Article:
Unilever has announced that they are changing the name of their Fair & Lovely line in the wake of a global justice and inclusivity movement. The company acknowledges that its messaging promotes the inappropriate admiration of light skin and that it’s imperative that their target market is broad enough to fit any customer.
Noting this decision as “the next step in the evolution of its skin care portfolio to a more inclusive vision of beauty,” Unilever assures that they will remove words such as “fairness” and “lightening” from their marketing. Although they have yet to announce a new name for The Fair & Lovely brand, it will be declared in the coming months.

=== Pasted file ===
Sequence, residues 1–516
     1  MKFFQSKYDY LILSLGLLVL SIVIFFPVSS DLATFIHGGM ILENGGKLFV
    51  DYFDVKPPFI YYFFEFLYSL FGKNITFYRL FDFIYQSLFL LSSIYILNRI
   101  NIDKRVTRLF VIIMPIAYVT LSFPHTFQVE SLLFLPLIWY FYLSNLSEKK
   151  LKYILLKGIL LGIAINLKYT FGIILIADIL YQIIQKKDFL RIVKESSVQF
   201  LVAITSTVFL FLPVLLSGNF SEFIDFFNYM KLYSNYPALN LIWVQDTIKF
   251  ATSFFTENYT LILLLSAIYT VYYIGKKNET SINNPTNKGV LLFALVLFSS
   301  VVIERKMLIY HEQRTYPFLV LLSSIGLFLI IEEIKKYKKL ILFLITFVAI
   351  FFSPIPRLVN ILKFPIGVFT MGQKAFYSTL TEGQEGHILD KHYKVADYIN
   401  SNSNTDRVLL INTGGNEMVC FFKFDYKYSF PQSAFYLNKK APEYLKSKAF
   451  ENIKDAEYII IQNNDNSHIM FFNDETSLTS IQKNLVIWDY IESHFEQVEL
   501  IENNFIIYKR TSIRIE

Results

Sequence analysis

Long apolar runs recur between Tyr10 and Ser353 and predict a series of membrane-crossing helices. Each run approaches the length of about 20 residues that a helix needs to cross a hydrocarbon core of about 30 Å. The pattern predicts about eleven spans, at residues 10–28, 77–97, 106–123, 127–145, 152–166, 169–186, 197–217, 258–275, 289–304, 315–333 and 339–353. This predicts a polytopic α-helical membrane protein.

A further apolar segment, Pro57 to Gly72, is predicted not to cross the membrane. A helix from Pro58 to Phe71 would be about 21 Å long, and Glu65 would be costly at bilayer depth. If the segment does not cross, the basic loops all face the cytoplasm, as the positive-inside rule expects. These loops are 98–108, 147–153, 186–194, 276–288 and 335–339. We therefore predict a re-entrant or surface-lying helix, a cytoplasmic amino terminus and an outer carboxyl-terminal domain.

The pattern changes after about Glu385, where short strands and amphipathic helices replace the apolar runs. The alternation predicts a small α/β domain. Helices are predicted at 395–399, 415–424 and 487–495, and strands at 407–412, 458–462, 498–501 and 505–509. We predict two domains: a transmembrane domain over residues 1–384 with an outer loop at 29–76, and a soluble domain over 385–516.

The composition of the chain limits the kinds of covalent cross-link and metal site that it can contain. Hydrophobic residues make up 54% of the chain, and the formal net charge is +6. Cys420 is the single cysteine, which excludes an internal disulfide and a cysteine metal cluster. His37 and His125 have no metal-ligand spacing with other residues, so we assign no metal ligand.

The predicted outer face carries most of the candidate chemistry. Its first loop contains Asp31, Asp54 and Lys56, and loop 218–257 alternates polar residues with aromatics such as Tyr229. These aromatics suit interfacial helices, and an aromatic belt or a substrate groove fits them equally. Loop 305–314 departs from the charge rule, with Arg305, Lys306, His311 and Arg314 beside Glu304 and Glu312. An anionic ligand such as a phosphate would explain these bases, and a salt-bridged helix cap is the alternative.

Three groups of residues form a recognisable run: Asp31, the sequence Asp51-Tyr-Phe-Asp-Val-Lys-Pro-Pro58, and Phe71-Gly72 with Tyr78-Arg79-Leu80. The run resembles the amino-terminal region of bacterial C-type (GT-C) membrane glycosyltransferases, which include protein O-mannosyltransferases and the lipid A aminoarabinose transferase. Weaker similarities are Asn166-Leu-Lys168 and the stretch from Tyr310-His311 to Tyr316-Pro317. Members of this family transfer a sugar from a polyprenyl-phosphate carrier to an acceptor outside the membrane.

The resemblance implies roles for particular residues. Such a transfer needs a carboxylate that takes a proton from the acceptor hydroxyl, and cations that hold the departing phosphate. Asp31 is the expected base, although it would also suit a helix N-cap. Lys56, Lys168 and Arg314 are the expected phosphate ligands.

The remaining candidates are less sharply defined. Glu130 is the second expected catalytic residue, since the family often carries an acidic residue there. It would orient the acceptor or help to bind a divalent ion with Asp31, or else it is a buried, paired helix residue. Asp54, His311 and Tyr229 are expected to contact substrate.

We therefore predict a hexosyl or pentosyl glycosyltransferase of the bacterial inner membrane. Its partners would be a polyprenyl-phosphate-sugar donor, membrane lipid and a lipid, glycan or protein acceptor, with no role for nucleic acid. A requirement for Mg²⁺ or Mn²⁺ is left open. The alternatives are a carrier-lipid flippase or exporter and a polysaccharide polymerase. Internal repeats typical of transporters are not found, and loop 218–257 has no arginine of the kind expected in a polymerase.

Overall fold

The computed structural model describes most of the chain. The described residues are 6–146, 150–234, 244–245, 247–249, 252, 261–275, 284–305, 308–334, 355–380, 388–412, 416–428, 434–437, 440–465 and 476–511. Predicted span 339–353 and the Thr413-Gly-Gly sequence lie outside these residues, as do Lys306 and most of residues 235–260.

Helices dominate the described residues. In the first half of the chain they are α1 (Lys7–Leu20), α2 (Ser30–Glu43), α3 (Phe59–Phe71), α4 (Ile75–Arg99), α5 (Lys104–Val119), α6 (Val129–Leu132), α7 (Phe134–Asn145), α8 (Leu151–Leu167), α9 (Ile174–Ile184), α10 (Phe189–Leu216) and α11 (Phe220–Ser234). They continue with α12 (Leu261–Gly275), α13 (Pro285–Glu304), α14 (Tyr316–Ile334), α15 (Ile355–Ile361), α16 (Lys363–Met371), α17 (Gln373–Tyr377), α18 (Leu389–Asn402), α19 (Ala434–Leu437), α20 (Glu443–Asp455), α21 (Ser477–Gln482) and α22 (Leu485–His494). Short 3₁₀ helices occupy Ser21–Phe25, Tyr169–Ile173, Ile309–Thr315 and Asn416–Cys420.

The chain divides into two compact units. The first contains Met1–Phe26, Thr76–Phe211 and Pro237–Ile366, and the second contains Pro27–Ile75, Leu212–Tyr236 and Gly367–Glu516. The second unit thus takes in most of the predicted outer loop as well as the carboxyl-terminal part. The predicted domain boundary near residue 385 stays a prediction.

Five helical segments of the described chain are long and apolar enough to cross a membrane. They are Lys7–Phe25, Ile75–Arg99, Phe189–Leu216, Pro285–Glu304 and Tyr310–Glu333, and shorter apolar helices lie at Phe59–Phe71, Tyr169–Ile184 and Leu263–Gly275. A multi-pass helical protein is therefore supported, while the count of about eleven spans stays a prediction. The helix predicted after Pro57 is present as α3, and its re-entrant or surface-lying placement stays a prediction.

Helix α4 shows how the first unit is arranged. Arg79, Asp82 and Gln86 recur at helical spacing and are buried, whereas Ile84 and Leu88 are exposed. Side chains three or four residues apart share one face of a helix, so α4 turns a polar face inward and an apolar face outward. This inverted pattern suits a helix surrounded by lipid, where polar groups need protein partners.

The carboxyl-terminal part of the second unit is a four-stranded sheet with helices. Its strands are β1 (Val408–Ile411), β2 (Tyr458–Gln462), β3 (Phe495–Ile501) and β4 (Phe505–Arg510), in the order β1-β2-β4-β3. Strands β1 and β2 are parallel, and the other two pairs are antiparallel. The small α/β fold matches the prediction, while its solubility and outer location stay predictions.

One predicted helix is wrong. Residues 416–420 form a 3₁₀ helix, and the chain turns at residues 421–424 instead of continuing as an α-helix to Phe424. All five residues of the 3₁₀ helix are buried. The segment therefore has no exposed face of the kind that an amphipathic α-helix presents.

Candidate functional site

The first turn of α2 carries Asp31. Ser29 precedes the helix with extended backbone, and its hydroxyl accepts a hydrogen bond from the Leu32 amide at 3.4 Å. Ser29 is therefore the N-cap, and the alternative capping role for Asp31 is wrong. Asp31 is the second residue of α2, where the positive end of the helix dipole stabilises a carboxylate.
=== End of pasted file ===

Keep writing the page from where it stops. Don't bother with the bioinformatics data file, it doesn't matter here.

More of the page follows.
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Unilever is also changing the aim of these products: “We have progressed all communication of product benefits towards ‘glow’, ‘even tone’, ‘skin clarity’ and ‘radiance,'” the company has noted. “We recognize that the use of the words ‘fair’, ‘white’ and ‘light’ suggest a singular ideal of beauty that we don’t think is right, and we want to address this,” explains Sunny Jain, head of Unilever’s Beauty & Personal Care.
Unilever isn’t the only company that’s rebranding and bashing negative portrayal of minorities. Quaker Oats is rebranding all Aunt Jemima pancake products, and Dreyer’s said they will change the name of their cult-favorite Eskimo Pie ice cream, referring to the name as “derogatory.” Johnson & Johnson is also doing its part by discontinuing two lines of skin-lightening products that have a following in Asia: Neutrogena Fine Fairness and Clean & Clear Fairness.
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